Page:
The worst part of his Africa experience?

"For almost two months, I couldn't write to or talk to my wife. And I couldn't tell my boys, who are 9 and 7, where I was going, because they were too young to keep a secret. So I wrote them a bunch of letters, which my wife gave them at timely intervals. But she had nothing, except taking care of the house, kids, dogs and cat. And she couldn't tell anyone where I was, because CBS made us and a few of our closest friends sign a disclosure agreement. She was unbelievably strong."

Taping Survivor: Africa took Lex away from his family for seven weeks, starting July 3, 2001.

"Africa is the cradle of humanity. There's so much life there. It's so different. It has the hugest skies and the most incredible vistas. TV didn't come close to doing it justice," he recalls. "People say it looked harsh and thorny and hot, but it was incredibly beautiful and exotic, with all those elephants, zebras, giraffes, baboons, lions, leopards and antelopes running around."

The people and culture also left their mark, because Lex reminisces about Africa's spiritual roots, the hospital where he met the Italian doctor treating AIDS patients, and a Samburu rite of passage he attended.

"When they filmed it, I prayed, 'Please don't let this look cheesy!' It was an incredibly spiritual experience."

When Lex returned to Santa Cruz, he had to keep everything related to the outcome of the game from his wife.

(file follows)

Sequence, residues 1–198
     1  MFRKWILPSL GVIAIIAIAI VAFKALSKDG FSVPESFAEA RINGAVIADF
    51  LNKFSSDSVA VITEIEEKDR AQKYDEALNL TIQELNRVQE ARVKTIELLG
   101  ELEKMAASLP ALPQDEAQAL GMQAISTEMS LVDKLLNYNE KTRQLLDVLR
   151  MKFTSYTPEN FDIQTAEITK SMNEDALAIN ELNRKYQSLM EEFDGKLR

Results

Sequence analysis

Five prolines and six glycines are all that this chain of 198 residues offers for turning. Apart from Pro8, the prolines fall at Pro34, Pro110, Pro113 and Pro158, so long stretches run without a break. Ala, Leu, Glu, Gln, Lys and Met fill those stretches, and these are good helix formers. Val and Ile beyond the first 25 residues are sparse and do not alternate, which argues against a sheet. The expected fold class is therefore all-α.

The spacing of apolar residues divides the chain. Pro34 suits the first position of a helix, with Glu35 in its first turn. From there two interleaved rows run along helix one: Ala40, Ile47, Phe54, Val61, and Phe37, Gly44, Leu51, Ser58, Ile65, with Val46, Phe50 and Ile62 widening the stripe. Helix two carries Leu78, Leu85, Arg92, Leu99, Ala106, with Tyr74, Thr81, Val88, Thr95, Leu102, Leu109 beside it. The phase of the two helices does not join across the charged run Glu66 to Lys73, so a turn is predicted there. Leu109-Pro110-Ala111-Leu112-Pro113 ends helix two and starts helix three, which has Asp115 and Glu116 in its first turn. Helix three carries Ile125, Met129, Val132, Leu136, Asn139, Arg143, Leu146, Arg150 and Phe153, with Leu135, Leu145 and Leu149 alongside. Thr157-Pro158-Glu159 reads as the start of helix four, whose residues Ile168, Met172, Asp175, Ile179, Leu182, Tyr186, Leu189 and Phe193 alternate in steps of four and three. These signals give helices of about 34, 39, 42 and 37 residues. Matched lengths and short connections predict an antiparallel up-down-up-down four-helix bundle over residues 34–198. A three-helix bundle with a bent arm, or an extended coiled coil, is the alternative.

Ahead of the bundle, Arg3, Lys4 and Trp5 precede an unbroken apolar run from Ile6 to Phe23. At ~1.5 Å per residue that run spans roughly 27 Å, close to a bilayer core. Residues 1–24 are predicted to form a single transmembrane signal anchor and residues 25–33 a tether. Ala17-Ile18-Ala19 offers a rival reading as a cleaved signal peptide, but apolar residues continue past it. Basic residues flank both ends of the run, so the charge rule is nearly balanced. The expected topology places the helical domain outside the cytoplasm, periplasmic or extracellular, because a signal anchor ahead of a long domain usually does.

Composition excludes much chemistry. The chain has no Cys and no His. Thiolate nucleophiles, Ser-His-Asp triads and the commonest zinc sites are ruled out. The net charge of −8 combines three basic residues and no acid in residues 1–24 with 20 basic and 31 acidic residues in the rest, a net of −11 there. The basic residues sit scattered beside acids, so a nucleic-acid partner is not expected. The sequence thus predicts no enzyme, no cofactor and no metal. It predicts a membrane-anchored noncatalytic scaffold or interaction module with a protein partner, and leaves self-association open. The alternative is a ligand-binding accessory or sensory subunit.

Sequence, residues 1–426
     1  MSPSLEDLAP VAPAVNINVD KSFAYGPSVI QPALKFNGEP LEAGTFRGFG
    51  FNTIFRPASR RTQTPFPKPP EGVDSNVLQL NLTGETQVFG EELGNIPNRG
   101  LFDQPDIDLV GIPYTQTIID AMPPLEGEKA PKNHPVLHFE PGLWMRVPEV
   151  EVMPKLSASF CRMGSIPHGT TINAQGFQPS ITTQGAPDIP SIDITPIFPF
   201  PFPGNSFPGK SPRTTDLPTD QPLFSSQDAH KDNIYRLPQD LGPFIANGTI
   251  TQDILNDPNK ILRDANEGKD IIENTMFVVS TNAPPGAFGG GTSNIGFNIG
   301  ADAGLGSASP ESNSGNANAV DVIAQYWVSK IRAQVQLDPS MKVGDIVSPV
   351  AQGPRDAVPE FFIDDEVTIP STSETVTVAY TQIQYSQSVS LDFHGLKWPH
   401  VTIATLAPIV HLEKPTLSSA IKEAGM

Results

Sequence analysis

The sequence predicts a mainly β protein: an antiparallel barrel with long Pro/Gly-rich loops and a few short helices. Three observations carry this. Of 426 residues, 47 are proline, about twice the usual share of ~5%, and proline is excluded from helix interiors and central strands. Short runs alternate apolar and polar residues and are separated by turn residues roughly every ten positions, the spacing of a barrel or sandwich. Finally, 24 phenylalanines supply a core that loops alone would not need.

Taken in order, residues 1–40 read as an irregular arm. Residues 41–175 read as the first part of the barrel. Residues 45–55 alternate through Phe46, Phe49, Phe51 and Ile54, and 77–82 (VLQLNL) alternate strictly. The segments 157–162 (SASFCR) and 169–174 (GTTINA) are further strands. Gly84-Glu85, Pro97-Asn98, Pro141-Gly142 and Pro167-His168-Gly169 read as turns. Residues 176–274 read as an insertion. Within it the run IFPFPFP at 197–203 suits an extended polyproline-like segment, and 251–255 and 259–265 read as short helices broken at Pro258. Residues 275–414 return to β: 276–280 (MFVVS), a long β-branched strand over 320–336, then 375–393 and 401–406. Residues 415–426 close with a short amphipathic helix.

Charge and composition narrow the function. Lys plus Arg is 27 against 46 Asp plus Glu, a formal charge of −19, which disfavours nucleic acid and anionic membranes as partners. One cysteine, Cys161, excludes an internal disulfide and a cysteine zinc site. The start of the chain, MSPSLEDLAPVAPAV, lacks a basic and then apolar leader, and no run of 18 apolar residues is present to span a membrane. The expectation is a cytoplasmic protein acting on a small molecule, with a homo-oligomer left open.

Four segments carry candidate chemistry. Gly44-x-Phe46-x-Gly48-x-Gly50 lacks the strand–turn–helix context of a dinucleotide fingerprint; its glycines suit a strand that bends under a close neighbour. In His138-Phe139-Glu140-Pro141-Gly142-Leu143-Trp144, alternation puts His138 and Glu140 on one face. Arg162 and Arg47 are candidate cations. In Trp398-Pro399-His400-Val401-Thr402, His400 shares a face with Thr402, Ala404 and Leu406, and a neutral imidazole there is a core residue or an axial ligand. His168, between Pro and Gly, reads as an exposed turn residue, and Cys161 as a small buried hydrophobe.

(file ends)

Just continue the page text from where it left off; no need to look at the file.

That part was really brutal, because we've never kept secrets from each other," Lex recalls. "She didn't know if I'd been voted out first, or about the $45,000 truck until she saw me win it. And when me and 15 other people came back, we were still mentally in Africa and were constantly wanting to call each other. It was bizarre to go through the most intense experience without my wife being part of it."

Lex also returned determined to focus on AIDS.

"With more than 75 percent of the people with AIDS living in Africa, I'd got the idea of the severity of the situation. And I wanted to do something to give back to Santa Cruz. Whatever we did had to be grassroots, something that would make a difference." Which is when Adrian Cavlan mentioned SCAP.

A Santa Cruz resident for nearly four years, Lex hopes to build a career in entertainment.

"l'd like to do some work in TV, movies or hosting," he says. "And I have a voice and platform from which to help charitable causes. In the past I was concerned with them. Now I can actually make a difference. I see Survivor as a doorway, a springboard. I don't want to wear it as a badge of recognition. I don't want that to be my only claim to fame."

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From the February 6-13, 2002 issue of Metro Santa Cruz.